JAKARTA - Sharper eyes will be trained over Indonesia's forests and plantation land from now till the end of the year in a private sector initiative to zoom in on culprits who illegally clear lands for farming by burning them, sending choking haze into neighbouring countries.
World Resources Institute (WRI), a Washington-based environment non-governmental organisation (NGO), is partnering commercial satellite service provider Digital Globe to use high-resolution satellite imagery to watch over Sumatra and Kalimantan, the two main Indonesian islands often blighted by fiery land clearing methods.
The satellite images will be loaded onto WRI's newly launched Global Forest Watch Commodities website and overlaid with land concession maps it obtained from members of the Roundtable on Sustainable Palm Oil (RSPO).
The images can be used to plug the weakest link in the fight against illegal burning of land - the availability of credible evidence that could be submitted in court to punish culprits, says Mr Nigel Sizer, global director of WRI's forests programme.
"It will also be useful for efforts to understand why these fires are happening and why there have been so many," he told a recent discussion with the media in Jakarta.
Singapore and the region were blanketed with the worst episode of the haze in 16 years last year, with the Republic's three-hourly Pollutant Standards Index hitting a record 401 on June 21.
Mr Sizer said the satellite images could "show details like a large potted plant on a front porch from hundreds of kilometres up in space". Within hours, sharp photographs of the fires could be obtained, he added.
WRI has obtained 1.6 million ha of concession map areas by RSPO members across five countries, including Indonesia.
For Indonesia, the NGO has maps sourced from the 54 oil palm growers which are members of the RSPO, a non-profit association that promotes sustainable palm oil products.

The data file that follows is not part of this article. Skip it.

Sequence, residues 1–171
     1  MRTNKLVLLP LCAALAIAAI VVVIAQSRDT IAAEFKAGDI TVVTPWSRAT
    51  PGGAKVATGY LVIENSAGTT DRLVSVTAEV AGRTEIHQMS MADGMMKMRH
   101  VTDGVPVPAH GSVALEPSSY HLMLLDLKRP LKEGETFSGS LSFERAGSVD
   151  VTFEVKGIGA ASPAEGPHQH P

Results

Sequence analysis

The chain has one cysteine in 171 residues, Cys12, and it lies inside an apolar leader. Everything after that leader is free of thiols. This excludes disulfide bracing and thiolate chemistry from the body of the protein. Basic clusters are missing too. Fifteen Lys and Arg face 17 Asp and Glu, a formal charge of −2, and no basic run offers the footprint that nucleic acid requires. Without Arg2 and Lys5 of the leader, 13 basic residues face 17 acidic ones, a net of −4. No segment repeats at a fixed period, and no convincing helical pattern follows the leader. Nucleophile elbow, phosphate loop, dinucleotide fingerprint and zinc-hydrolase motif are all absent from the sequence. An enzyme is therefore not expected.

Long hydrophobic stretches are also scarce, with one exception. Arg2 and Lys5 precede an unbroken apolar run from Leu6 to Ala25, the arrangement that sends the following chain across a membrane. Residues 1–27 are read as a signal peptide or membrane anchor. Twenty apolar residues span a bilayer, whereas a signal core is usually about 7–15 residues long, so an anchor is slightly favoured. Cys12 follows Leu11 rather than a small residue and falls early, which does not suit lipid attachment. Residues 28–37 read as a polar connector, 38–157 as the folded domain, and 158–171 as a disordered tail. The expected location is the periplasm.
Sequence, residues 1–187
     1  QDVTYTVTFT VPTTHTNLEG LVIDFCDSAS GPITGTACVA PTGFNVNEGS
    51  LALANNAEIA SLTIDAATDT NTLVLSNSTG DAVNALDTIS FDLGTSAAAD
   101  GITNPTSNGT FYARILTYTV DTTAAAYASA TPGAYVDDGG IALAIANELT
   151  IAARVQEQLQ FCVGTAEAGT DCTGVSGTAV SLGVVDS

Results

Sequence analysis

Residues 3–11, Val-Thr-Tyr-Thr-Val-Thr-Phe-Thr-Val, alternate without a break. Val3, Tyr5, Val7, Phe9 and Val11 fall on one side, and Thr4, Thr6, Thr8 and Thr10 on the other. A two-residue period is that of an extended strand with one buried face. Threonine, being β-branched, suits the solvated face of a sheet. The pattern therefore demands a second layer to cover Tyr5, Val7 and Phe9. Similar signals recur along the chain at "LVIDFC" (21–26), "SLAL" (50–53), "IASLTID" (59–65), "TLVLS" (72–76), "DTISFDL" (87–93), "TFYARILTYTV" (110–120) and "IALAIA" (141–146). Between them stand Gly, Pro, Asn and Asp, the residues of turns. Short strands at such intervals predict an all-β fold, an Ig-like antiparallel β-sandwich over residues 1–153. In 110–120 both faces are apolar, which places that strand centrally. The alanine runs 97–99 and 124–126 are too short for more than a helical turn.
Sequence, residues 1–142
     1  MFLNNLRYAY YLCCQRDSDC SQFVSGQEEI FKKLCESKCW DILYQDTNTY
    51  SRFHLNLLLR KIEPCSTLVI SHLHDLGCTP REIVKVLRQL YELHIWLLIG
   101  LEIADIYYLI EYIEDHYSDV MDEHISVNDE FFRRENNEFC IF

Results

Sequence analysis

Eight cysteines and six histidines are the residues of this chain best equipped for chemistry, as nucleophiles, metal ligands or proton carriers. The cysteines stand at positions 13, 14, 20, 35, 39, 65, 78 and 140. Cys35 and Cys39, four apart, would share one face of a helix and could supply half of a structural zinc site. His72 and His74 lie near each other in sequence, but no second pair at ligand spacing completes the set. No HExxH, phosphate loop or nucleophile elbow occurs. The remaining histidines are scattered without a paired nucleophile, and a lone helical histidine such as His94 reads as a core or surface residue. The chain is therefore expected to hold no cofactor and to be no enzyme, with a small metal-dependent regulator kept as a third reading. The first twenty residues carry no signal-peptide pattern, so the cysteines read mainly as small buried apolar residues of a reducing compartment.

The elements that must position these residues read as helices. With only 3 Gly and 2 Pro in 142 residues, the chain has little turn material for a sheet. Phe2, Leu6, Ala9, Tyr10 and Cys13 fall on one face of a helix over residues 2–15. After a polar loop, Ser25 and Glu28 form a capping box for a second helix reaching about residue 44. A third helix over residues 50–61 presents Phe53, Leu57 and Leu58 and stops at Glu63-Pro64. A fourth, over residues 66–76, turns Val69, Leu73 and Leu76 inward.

Separately, ASEAN leaders had last September approved a joint haze-monitoring system - a database that makes use of land concession maps, hot-spot data and satellite images to identify landowners responsible for burning. But Indonesia's Environment Ministry has said maps can only be shared among governments, citing legal obstacles.
Indonesia's presidential working unit is also attempting to put together a single map that reconciles multiple conflicting land-use maps across the archipelago, but some plantation owners have been unwilling to share information.
The Indonesian government has promised over the years to bring culprits to book, but finding the fire-starters and proving their ill-intent in court have been tough.
Since June last year, 27 companies have been accused of burning land illegally but only one, PT Adei, has been charged in court so far.
"Of the eight companies caught last year for burning land, four of them were caught again this March, showing that the companies are not fazed by the threat of legal sanctions and are acting with impunity," said Mr Muslim Rasyid, coordinator of the Riau-based environment NGO Jikalahari.
This article was first published on June 12, 2014.
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